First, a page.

Because of the cold (it was between 48° and 51° while I was out there) a lot of the birds were hunkered down to keep warm, and it seemed like the hawks in the trees were all snuggled in between branches where they were difficult to see or photograph.  I saw two Bald Eagles while I was out there.  One of them was so far away I only got a blurry picture of him. The other was closer (within about 20 feet), but was up in a tree where, again, the branches obscured it a lot.  So, although I got a few close-ups of that one, they all had twigs and branches messing up the view…

I was happy, however, to get  some fairly good shots of Bufflehead ducks in the water.  I never seem to be able to get any good photos of them because they’re usually so far away.  But today a couple of them came up closer to the edge of the auto-tour road while they foraged for food, so I was able to get a few clear shots.

I only made the pass through the refuge once, and headed straight home after that because the Dramamine was starting to wear off and I was feeling a little bit woozy.  I got home a little after noon, and put in a post roast in the slow cooker (set on “high” though, so it only took a few hours to cook properly), and made a batch of brownies before crashing for the day.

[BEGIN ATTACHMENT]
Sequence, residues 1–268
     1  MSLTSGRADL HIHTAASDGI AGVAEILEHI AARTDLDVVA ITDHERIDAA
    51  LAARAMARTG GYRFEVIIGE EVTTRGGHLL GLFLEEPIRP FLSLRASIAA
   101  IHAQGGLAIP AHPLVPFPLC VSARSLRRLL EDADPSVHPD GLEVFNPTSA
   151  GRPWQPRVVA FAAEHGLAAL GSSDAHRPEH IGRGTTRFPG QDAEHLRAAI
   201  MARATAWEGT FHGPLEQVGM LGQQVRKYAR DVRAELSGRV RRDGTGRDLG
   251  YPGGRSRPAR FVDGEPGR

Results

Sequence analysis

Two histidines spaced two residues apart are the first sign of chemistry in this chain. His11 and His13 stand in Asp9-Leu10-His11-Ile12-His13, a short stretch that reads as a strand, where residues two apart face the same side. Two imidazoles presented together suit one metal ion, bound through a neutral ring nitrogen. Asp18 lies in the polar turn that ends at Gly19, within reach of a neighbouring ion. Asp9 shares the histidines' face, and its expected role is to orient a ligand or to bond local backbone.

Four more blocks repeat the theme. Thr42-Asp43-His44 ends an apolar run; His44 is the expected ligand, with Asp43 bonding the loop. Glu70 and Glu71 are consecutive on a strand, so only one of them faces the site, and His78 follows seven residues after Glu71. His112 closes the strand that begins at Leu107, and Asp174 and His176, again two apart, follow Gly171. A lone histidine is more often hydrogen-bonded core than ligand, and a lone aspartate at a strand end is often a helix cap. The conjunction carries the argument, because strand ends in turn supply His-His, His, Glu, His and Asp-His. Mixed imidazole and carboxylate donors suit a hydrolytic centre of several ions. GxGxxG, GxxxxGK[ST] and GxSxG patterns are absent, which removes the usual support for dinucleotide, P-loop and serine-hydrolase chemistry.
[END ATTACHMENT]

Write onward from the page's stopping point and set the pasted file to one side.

It was nice to get outside.

Got to see the Sandhill Cranes at the Cosumnes Preserve

I got up around 6:30 am and headed over to the Cosumnes River Preserve.  It was overcast and 37° when I headed out.  I still have a touch of fever from this flu or whatever it is my body is fighting, but I needed to get outside and get some fresh air.

CLICK HERE to see the entire album of photos, including some of the videos.

The gate to the preserve was still locked, so I drove down Desmond and Bruceville Roads.  There are wetlands and rice fields all along those roads, and sometimes you get to see quite a few birds.  The big draw out there this morning was the Sandhill Cranes. There were quite a few of them eating leftover rice and seeds, including some juveniles that were still in their “rusty” feathers. At one point, I pulled the car off to the side of the road and shut off the engine, so I could hear (and video) the cranes “talking” to one another with their distinctive chattering/guttural calls.  They sound soooo neat… There were also some Great Egrets and a Great Blue Heron out there with them – along with quite a few Greater White-Fronted Geese that were hunkered down in between the cultivated rows in the field to get out of the cold morning breezes.